Wednesday, February 16, 2022

Her Last Affair

Her Last Affair by John Searles
3/22/22; 336 pages

Her Last Affair by John Searles is a highly recommended novel of psychological suspense.

The novel unfolds through the point of view of three characters. Skyla Hull, a retired nurse in Rhode Island, was married to Hollis for almost fifty years until his accident the previous year. Now that macular degeneration has severely reduced her sight, her activity is limited so she spends much of her day mourning Hollis and ruminating about his long term affair. She decides to rent the cottage next door to a British man named Teddy Cornwell. Miles away in Florida, Linelle Durfort reconnects with her first love, Teddy Cornwell. In NYC, Jeremy Lichanel, a writer who is unhappy with his physical appearance, gets an assignment to review a restaurant in Providence and decides to look up an old friend who broke his heart years ago.

These desperate, heartbroken, and isolated characters are seeking retribution and closure, thinking their actions will provide them satisfaction, fulfillment, and love. As the three diverse, and atmospheric multiple narratives unfold, you will be waiting for the connection between these characters. The connection won't come right away, but when it does it will be in a meteoric twist that will entirely change the story from a complex study of forlorn, unhappy, and bitter characters to almost a horror novel. This is an intricate plot that requires attention to each narrative thread in order to fully comprehend and appreciate the intense cinematic denouement.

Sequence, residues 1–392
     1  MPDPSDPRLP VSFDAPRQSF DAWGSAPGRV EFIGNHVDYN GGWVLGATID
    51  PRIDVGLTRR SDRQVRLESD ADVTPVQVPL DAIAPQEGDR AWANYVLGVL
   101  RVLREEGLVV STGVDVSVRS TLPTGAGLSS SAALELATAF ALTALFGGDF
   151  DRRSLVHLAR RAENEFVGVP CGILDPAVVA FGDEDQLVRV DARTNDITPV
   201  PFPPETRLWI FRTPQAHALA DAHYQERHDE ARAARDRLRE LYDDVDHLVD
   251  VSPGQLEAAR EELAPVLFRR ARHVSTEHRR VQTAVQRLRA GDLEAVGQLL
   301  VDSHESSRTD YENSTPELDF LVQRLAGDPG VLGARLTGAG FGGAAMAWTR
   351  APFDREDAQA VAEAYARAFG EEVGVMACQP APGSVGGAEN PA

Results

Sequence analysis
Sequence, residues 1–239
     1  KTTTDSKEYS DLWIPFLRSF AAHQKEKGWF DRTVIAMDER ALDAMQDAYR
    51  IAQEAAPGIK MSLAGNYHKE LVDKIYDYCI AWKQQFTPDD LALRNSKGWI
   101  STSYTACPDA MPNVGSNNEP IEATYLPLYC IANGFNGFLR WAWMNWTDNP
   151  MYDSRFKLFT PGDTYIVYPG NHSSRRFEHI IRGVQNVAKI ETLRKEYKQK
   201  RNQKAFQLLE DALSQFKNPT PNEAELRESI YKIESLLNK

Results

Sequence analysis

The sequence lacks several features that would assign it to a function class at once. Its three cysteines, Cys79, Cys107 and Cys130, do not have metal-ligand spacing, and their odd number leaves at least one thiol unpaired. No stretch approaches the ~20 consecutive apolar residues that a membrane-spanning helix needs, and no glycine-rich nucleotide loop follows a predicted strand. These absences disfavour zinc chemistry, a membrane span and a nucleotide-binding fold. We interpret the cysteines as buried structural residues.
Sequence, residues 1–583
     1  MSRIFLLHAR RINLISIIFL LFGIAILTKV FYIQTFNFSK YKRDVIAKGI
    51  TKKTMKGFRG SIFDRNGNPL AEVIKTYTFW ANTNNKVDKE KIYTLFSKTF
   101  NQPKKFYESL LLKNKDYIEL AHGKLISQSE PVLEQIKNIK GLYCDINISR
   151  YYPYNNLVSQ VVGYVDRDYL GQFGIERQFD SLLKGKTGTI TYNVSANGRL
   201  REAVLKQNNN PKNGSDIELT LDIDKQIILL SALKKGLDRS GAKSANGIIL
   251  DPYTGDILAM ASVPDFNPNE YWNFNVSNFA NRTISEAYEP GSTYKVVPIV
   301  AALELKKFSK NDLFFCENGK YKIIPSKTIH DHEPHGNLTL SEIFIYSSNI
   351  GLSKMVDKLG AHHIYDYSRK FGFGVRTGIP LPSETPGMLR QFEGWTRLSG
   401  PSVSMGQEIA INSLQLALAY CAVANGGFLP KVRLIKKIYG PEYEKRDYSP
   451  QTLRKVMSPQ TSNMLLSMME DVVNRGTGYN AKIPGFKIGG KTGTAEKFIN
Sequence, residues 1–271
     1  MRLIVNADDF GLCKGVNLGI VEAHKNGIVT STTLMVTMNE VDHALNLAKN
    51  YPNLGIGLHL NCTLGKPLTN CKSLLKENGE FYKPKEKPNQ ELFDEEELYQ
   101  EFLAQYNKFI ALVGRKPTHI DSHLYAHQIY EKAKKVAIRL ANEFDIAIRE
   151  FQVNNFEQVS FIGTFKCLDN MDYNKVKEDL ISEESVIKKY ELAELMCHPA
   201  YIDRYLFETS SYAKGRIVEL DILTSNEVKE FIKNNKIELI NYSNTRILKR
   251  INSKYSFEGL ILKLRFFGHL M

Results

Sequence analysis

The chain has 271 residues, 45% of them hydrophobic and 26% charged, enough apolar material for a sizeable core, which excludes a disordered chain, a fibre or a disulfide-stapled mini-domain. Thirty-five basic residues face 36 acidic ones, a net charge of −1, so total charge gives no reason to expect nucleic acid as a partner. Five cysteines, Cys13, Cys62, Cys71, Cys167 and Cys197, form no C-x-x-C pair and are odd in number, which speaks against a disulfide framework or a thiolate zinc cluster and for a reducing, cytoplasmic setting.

I have to admit, sheepishly, that while I was glued to the pages at the shocking end of the novel when everything was going down and coming together, I actually quit enjoyed the earlier character studies of these despondent, unlikable individuals a bit more than the chilling climax. Understandably, I'm likely alone in this feeling. The ending is compelling and shocking. It pulls together all three narratives and undeniably will hold your attention.

Disclosure: My review copy was courtesy of HarperCollins.

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